I sat on the brightly painted gravestone contentedly munching on my sweet and salty snacks attempting to take in the overwhelming jumble of activity around me. The cemetery was overflowing with people from all walks of life. To my left was a family joyfully sharing food on bright green and orange grave, to my right a jovial-looking vendor offering shiny wooden jewelry atop his carefully selected and decorated grave. As I sat contemplating the amazingly celebratory atmosphere of the cemetery I saw a brilliantly decorated kite soar down towards my head. I ducked down laughing along with my fellow spectators thoroughly enjoying the action of the day.
I was in the Guatemalan town of Santiago Sacatepéquez which once a year is inundated with throngs of Guatemalans and keen tourists to celebrate ‘El Día De Los Muertos’, The Day of the Dead. A short trip from the tourist hub of Antigua on the 1st of November every year the celebrations also known as All Saints Day draw crowds from all over. The main event is the flying of the most spectacular kites symbolically freeing the spirits of passed away family members.
Preparations had begun long before I arrived. In the weeks leading up to the festival groups of dedicated locals spend hours building and beautifying these flying wonders. The designs are colorful, intricate and the images hold special meanings for their creators. Closer to the festival in the days preceding while the finishing touches are being made to the paper and bamboo structures that will be sent to fly, the cemetery and graves are also readied for the big day. Whole families spend time together to clear debris, add a fresh coat of paint and freshly cut flowers to the graves of loved ones.
The are kites are seriously impressive varying in size from the most manageable to the giants whose brightly decorated designs tower over the onlookers below.
For the midsized kites of around three meters it takes a whole team of people and sometimes many attempts before it takes flight. They stand readied with gloves or tape wrapped around their hands for protection from rope burns, their faces determined and eager preceding the take off. Once it begins the mad run takes up to fifteen people and sometimes the help of bystanders who pull the kite strings while running wildly through the crowd, faces turned upward in the hope of aviation success.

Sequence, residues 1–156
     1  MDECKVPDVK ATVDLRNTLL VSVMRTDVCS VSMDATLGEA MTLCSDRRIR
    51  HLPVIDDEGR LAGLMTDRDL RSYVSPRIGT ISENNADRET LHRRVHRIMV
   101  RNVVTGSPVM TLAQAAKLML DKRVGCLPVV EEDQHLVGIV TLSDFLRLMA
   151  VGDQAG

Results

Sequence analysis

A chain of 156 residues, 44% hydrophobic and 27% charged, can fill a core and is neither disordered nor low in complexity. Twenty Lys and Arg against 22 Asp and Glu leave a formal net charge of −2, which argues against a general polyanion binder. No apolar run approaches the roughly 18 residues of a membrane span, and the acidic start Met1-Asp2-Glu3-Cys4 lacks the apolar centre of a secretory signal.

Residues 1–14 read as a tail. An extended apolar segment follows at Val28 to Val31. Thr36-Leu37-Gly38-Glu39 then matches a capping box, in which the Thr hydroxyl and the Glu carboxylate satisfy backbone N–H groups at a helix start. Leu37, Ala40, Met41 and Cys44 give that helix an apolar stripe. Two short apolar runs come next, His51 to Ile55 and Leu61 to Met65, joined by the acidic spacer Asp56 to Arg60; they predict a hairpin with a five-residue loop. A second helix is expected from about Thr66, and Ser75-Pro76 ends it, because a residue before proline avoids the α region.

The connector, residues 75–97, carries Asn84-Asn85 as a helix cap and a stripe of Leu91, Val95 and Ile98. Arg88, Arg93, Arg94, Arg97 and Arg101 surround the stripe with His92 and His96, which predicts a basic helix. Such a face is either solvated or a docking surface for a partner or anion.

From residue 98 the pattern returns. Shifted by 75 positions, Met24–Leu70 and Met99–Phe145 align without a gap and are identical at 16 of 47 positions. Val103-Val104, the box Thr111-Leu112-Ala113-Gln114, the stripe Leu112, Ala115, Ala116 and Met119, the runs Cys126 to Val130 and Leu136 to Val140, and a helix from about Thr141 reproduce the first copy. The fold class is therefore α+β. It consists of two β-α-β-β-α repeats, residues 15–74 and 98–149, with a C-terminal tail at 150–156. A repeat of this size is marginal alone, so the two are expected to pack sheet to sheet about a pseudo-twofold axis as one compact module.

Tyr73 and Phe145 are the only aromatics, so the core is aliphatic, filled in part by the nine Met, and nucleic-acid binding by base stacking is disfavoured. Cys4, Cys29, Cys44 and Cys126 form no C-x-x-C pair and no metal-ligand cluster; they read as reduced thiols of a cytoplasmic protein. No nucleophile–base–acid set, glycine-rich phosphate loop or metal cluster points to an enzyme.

When the kite starts to soar through the sky, the sun blazing down through its brightly colored patterns there is always a cheer from the excited audience before turning to their attention to the next flight attempt.
The event goes way beyond the cemetary with the winding streets that lead to the cemetery crammed with vendors of goods of every kind from clothes and jewelry to batteries and pets. The whole town resembles a bustling marketplace in which you could spend hours wandering and happily haggling.
And the food….Oh my the food! It could be an article all in itself to describe the wondrous array of food available. The restaurants are full to bursting and offer specials for this, their biggest day of the year. The street vendors offer delicacies at a bargain price, from homemade pork sausages to barbecued corn slathered with generous servings of salty butter….ah and the list goes on! If only my stomach was larger I would happily have eaten all day long.
To me, what was special about spending a day at this event was witnessing the beauty of celebrating in a place that for most Westerners is associated with tears and sadness. Families and friends take time once a year to celebrate, all be it a celebration tinged with sadness, as they remember together those that have gone before them. They gather together symbolically setting their souls free to beautifully soar through the sky and we, the tourists, get to be apart of that celebration, sadly only for a day.